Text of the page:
In the Barneveld School District, which services 438 students in a K4-12 setting in south-central Wisconsin, a survey was being circulated to better understand how many students had access to the internet as the district prepared to use digital learning. Questions included if the household had internet; how they connected to the internet, whether dial-up, DSL, cable, satellite or a cellular hotspot; and how strong the internet connection is at their home.
The district anticipated “digital learning days” to begin March 30 and asked parents to continue checking their email for updates. Barneveld School District already uses learning management systems to engage students and their families, with teachers adding assignments to an online portal accessible by others in that particular classroom. They’ve also been building a one-to-one technology program in the district for the past several years, with each student assigned an iPad to complete school work and enhance learning opportunities in the classroom.
Similar to other districts around the state, families were also encouraged to pick up materials prepared by staff at the school early last week. Only one person per family was allowed to enter the building to pick up the materials and had to adhere to scrub in and scrub out sanitation policy.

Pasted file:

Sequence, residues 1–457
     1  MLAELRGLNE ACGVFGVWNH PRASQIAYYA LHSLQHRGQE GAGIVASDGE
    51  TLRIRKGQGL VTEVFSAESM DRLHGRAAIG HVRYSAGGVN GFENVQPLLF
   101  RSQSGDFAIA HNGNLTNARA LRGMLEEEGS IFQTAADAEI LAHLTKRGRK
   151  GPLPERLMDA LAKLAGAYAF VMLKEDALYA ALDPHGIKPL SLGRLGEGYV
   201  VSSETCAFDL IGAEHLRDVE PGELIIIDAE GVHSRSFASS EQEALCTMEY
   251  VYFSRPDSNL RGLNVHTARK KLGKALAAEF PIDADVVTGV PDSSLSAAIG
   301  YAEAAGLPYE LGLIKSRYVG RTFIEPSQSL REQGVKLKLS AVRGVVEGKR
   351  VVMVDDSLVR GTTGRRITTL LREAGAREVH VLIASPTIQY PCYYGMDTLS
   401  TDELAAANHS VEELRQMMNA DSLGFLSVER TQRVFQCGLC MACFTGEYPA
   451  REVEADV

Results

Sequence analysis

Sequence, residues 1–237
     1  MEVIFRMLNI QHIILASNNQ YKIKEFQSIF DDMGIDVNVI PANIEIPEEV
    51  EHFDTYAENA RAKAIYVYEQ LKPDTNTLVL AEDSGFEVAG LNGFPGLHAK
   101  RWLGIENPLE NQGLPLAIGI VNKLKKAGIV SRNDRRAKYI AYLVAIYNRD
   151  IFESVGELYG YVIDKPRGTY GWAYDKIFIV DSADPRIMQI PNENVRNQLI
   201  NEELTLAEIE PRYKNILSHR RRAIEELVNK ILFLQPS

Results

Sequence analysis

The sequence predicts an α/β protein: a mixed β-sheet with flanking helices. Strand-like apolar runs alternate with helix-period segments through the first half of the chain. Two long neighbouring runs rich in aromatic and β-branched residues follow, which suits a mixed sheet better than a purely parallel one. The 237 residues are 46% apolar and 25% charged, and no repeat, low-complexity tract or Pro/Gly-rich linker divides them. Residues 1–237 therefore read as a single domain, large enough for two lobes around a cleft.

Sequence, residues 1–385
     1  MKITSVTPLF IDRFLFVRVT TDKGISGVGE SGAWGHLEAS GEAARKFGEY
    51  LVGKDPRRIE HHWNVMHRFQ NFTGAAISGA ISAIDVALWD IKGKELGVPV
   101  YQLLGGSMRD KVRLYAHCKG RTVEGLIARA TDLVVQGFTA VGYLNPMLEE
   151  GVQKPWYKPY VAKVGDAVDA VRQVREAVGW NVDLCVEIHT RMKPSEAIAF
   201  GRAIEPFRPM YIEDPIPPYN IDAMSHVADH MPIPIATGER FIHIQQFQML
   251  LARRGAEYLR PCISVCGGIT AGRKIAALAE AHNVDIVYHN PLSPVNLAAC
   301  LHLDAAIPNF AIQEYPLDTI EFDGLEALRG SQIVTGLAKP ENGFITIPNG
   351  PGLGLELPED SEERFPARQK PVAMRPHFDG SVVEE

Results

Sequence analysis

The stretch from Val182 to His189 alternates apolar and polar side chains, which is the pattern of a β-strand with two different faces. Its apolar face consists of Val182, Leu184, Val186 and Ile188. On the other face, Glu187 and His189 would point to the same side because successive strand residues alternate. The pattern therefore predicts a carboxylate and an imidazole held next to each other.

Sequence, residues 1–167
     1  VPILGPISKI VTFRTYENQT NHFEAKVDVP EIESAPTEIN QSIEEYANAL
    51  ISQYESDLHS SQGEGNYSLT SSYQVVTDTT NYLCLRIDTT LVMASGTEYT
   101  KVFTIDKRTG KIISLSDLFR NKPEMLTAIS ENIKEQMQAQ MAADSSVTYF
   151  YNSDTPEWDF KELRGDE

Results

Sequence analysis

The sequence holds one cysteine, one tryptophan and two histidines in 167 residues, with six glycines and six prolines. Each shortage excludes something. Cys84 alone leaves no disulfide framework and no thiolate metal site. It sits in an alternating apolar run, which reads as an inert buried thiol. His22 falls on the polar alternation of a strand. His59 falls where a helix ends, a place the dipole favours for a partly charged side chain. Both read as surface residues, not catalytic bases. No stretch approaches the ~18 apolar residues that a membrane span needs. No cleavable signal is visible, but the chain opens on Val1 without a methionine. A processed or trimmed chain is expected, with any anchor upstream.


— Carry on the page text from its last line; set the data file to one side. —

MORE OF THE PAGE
“We really appreciate your patience and understandings as we work through these planning stages,” said Erin Eslinger, K-12 principal at Barneveld School.
Staff and administration in the Mineral Point Unified School District, home to 763 students K4-12 in southwest Wisconsin, held a Virtual Learning Day for middle and high school students on March 3 in the event distance learning was needed due to inclement weather days. They had no way of knowing their “test run” of the technology would give them a “leg up of sorts” during this situation.
“We had left for the day on Friday, March 13, with no idea (Gov. Evers’) announcement was coming. I got home and heard it on TV — my superintendent was just as taken aback as I was,” said Joelle Doye, communications director for the Mineral Point Unified School District.
Their initial plan, like many rural districts across the state, was to bring students in on Monday and Tuesday, with the school closure going into effect on Wednesday at 5 p.m. However, after holding emergency administrative and school board meetings and meeting with local physicians, it was their recommendation to not bring students back to school at all the week of March 15.
Doye has been using multiple modes of communication with students and parents, including a mass alert notification system which can send phone calls, emails and text messages. Updates are also posted regularly on Facebook and Twitter, sent to the local newspaper as warranted and a designated webpage has been created to serve as a hub for all COVID-19 information and announcements impacting the school district.
“I actually think we have some amazing opportunities in a small, rural district,” said Doye.